41. Falcone, D. J., McCaffrey, T. A., Haimovitz-Friedman, A., Vergilio, J. A., & Nicholson, A. C. (1993). Macrophage and foam cell release of matrix-bound growth factors. Role of plasminogen activation. The Journal of biological chemistry, 268(16), 11951–11958. ↩︎

  42. Passeron T. (2013) Melasma pathogenesis and influencing factors – An overview of the latest research. J Eur Acad Dermatol Venereol, 27 Suppl 1:5‑6. ↩︎

  43. Kim EH, Kim YC, Lee ES, Kang HY. (2007) The vascular characteristics of melasma. J Dermatol Sci, 46:111‑6. ↩︎ ↩︎

  44. Sonthalia S. (2015) Etiopathogenesis of melasma. In: Sarkar R, editor. Melasma: A Monograph. New Delhi: Jaypee, p. 6‑14. ↩︎

  45. Kal, H. B., Struikmans, H., Gebbink, M. F., & Voest, E. E. (2004). Response of rat prostate and lung tumors to ionizing radiation combined with the angiogenesis inhibitor AMCA. Strahlentherapie und Onkologie : Organ der Deutschen Rontgengesellschaft … [et al], 180(12), 798–804. ↩︎

  46. Bastaki, M., Nelli, E. E., Dell’Era, P., Rusnati, M., Molinari-Tosatti, M. P., Parolini, S., Auerbach, R., Ruco, L. P., Possati, L., & Presta, M. (1997). Basic fibroblast growth factor-induced angiogenic phenotype in mouse endothelium. A study of aortic and microvascular endothelial cell lines. Arteriosclerosis, thrombosis, and vascular biology, 17(3), 454–464. ↩︎

  47. Imokawa, G., Miyagishi, M., & Yada, Y. (1995). Endothelin-1 as a new melanogen: coordinated expression of its gene and the tyrosinase gene in UVB-exposed human epidermis. The Journal of investigative dermatology, 105(1), 32–37. ↩︎

  48. Imokawa, G., Kobayashi, T., Miyagishi, M., Higashi, K., & Yada, Y. (1997). The role of endothelin-1 in epidermal hyperpigmentation and signaling mechanisms of mitogenesis and melanogenesis. Pigment cell research, 10(4), 218–228. ↩︎

  49. Iddamalgoda, A., Le, Q. T., Ito, K., Tanaka, K., Kojima, H., & Kido, H. (2008). Mast cell tryptase and photoaging: possible involvement in the degradation of extra cellular matrix and basement membrane proteins. Archives of dermatological research, 300 Suppl 1, S69–S76. ↩︎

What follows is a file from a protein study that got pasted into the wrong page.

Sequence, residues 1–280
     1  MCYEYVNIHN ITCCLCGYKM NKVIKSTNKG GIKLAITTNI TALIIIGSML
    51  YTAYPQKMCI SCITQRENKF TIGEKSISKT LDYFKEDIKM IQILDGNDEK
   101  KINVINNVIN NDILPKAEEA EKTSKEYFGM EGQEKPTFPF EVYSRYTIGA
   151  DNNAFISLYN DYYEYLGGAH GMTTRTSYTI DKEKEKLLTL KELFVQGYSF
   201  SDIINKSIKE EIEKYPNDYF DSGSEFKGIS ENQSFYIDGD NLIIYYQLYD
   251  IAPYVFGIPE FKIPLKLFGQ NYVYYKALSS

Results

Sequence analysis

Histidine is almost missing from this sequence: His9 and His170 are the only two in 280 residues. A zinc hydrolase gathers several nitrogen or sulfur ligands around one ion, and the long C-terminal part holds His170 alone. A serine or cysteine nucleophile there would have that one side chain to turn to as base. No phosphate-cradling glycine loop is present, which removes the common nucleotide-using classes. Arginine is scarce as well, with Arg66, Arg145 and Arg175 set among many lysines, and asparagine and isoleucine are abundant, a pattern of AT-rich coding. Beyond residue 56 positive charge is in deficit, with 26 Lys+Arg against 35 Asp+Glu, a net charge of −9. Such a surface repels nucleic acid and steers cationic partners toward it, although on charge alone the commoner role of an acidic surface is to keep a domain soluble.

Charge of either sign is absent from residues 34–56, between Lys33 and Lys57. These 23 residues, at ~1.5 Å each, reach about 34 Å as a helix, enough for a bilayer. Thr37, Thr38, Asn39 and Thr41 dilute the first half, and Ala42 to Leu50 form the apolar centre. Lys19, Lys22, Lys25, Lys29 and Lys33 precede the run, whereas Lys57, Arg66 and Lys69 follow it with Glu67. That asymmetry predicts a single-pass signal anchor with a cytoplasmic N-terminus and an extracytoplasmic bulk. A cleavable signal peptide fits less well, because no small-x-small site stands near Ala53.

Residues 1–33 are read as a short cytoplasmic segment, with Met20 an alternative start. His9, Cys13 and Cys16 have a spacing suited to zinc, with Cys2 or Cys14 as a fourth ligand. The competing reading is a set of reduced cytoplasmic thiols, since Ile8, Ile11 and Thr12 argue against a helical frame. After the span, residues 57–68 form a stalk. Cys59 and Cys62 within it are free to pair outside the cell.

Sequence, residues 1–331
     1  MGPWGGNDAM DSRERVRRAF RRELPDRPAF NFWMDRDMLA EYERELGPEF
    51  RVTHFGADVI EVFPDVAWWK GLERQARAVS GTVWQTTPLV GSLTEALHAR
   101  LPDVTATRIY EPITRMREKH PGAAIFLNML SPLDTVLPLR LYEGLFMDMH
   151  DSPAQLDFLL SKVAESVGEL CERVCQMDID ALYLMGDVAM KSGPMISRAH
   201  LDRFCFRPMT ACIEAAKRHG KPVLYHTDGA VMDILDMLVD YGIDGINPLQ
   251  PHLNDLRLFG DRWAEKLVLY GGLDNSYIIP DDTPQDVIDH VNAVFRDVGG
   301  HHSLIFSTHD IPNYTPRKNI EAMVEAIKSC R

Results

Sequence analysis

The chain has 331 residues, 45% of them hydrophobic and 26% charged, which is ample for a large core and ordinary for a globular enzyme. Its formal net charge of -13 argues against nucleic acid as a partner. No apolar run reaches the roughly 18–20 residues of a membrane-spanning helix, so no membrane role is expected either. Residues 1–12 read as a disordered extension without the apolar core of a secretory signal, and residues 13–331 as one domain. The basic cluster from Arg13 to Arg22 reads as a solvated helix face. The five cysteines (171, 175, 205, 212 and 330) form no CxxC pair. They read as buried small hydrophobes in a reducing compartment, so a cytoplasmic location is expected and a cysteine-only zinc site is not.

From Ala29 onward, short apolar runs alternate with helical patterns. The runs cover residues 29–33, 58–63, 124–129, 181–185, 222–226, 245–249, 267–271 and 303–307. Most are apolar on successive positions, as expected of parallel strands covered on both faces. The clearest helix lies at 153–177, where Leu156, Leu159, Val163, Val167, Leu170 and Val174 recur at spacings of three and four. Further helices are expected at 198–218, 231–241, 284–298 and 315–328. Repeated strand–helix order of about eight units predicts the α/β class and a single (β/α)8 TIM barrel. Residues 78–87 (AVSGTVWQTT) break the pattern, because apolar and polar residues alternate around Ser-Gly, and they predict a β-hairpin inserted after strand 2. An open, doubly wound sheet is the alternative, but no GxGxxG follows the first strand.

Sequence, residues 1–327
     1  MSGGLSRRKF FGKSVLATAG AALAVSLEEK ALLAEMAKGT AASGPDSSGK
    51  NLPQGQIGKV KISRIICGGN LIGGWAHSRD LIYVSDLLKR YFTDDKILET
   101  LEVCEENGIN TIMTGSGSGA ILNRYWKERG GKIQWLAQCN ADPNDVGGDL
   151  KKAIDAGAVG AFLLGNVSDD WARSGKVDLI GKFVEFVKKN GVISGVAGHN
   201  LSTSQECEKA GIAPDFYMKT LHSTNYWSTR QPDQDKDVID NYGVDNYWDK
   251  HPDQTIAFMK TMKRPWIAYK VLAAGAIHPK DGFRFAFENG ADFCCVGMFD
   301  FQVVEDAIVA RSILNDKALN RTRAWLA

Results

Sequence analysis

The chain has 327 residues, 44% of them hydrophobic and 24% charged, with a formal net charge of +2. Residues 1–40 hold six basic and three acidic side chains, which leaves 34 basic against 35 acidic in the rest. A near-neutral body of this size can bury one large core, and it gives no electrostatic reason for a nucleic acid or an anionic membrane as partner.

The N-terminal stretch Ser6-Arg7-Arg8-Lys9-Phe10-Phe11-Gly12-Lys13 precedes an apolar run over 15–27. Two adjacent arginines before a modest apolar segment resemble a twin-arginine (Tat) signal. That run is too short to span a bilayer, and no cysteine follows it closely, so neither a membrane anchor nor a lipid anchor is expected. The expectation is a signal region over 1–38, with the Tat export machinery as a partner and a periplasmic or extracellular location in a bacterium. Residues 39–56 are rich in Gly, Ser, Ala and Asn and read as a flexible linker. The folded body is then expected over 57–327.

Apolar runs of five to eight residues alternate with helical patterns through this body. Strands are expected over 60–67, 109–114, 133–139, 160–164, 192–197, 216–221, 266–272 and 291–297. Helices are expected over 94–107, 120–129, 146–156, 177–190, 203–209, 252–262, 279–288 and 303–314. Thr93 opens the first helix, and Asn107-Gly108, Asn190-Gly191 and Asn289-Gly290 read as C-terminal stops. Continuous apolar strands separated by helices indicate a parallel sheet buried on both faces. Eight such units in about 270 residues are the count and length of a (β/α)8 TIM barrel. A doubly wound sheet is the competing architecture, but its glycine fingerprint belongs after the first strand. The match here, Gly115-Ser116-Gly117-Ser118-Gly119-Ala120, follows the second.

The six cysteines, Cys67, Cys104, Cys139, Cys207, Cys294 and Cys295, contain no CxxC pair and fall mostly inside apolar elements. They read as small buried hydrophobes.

50. Crivellato, E., Nico, B., & Ribatti, D. (2008). Mast cells and tumour angiogenesis: new insight from experimental carcinogenesis. Cancer letters, 269(1), 1–6. ↩︎

  51. Grimbaldeston, M. A., Simpson, A., Finlay-Jones, J. J., & Hart, P. H. (2003). The effect of ultraviolet radiation exposure on the prevalence of mast cells in human skin. The British journal of dermatology, 148(2), 300–306. ↩︎

  52. Gonzalez, S., Moran, M., & Kochevar, I. E. (1999). Chronic photodamage in skin of mast cell-deficient mice. Photochemistry and photobiology, 70(2), 248–253. ↩︎

  53. Na, J., Choi, S., Yang, S., Choi, H., Kang, H., & Park, K. (2012). Effect of tranexamic acid on melasma: a clinical trial with histological evaluation. Journal Of The European Academy Of Dermatology And Venereology, 27(8), 1035-1039. doi: 10.1111/j.1468-3083.2012.04464.x ↩︎

  54. Sano, T., Kume, T., Fujimura, T., Kawada, H., Higuchi, K., Iwamura, M., Hotta, M., Kitahara, T., & Takema, Y. (2009). Long-term alteration in the expression of keratins 6 and 16 in the epidermis of mice after chronic UVB exposure. Archives of dermatological research, 301(3), 227–237. ↩︎

  55. Denda, M., Kitamura, K., Elias, P. M., & Feingold, K. R. (1997). trans-4-(Aminomethyl)cyclohexane carboxylic acid (T-AMCHA), an anti-fibrinolytic agent, accelerates barrier recovery and prevents the epidermal hyperplasia induced by epidermal injury in hairless mice and humans. The Journal of investigative dermatology, 109(1), 84–90. ↩︎

  56. Morita, K., Miyachi, Y., & Furuse, M. (2011). Tight junctions in epidermis: from barrier to keratinization. European journal of dermatology : EJD, 21(1), 12–17. ↩︎

  57. Yuki, T., Hachiya, A., Kusaka, A., Sriwiriyanont, P., Visscher, M. O., Morita, K., Muto, M., Miyachi, Y., Sugiyama, Y., & Inoue, S. (2011). Characterization of tight junctions and their disruption by UVB in human epidermis and cultured keratinocytes. The Journal of investigative dermatology, 131(3), 744–752. ↩︎